To me, Death is the ultimate teacher but I think a lot of people avoid even thinking about it. I also think a lot of people are not really living the life they would like to live. I'm not talking about people whose life circumstances prevent them from enjoying of "the good life". I'm talking about people who for one reason or another, in whatever circumstances they find themselves are not moving towards the life that would make them feel most alive, or even more alive. When Death rears its head, if you are not living that life, you will likely panic, grasp for straws, and suffer much more than is necessary because you still hope to live that life someday. I've made many sacrifices and taken many hits and losses in order to live closer to that life myself and I find I'm much more clear-headed about death, and less attached to life than when I was not living that life. I've been focusing on quality versus quantity of life since I can remember. This hospice movement makes total sense to me. The whole practice of T'ai-Chi for me has been one of "investing in loss" and practicing letting go of whatever it is possible to let go of. And for me at least there's nothing like unfulfilled longing to make me cling to life. And clinging to life really gets in the way of living and of making the kind of decisions that may need to be made should a terminal illness arise. And of course, the attitude of our medical system doesn't help much. It sounds, from this article at least, that the tide might be turning a bit.
I remember reading about a how a man in Connecticut pulled out a butcher knife and went crazy slashing people. Literally every single person in the cafe where this happened completely panicked and there was a stampede for the door. I thought this over and thought, you know, I've lived what I consider a good life, I've done on some level at least, everything I ever dreamed of doing, I feel pretty complete in general about my life and sure, I'd like to continue, but I'm also happy with what I've done and I don't think I'm as afraid of dying as these people seemed to be. I was living in Seattle at the time and I was teaching a very early morning T'ai-Chi class downtown at a Retirement Center. Before class, I always stopped at this one Starbuck's which was right next to place I taught. Just a couple of weeks after reading about the above mentioned incident, I was having a cup of coffee when I noticed this really angry looking homeless guy sitting by the window across the room from me. He was muttering to himself in a way that was not just nutty, it had a really dangerous edge to it. He was wearing layered baggy clothes that could easily be concealing a weapon. I found myself thinking that if he pulled something, I would scoop up the chair I was sitting in and get between him and the cashier where the only phone in the room was. (This was before ubiquitous cell phones...) I figured that even though he was big and crazy-angry, I could hold him off long enough for someone to call 9-11. It turned out not to be necessary. He calmed down and soon left, but I could feel a connection between the kind of life I was living and my willingness to die if necessary to keep more people from being harmed.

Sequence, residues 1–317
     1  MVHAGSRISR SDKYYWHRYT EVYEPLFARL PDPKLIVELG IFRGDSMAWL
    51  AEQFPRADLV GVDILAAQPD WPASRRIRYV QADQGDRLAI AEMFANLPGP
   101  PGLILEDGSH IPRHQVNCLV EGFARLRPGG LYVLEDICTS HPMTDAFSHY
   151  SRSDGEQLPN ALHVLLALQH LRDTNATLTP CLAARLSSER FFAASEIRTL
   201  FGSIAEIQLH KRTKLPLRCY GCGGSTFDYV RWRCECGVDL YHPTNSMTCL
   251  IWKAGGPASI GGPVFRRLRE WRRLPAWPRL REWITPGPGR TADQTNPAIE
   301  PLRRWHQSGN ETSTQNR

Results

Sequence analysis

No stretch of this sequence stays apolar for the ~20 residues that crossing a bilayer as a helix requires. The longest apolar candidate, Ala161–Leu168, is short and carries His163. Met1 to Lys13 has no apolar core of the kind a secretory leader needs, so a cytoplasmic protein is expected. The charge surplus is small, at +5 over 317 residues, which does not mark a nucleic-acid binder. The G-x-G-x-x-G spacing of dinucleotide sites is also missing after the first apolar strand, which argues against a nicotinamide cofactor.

I don't mean to be facile about this. I don't know how I'd face anything until I actually do, but I feel that looking at my own death and moving consistently in the direction of a more alive life, has left me more ready for "the end" than if I had not.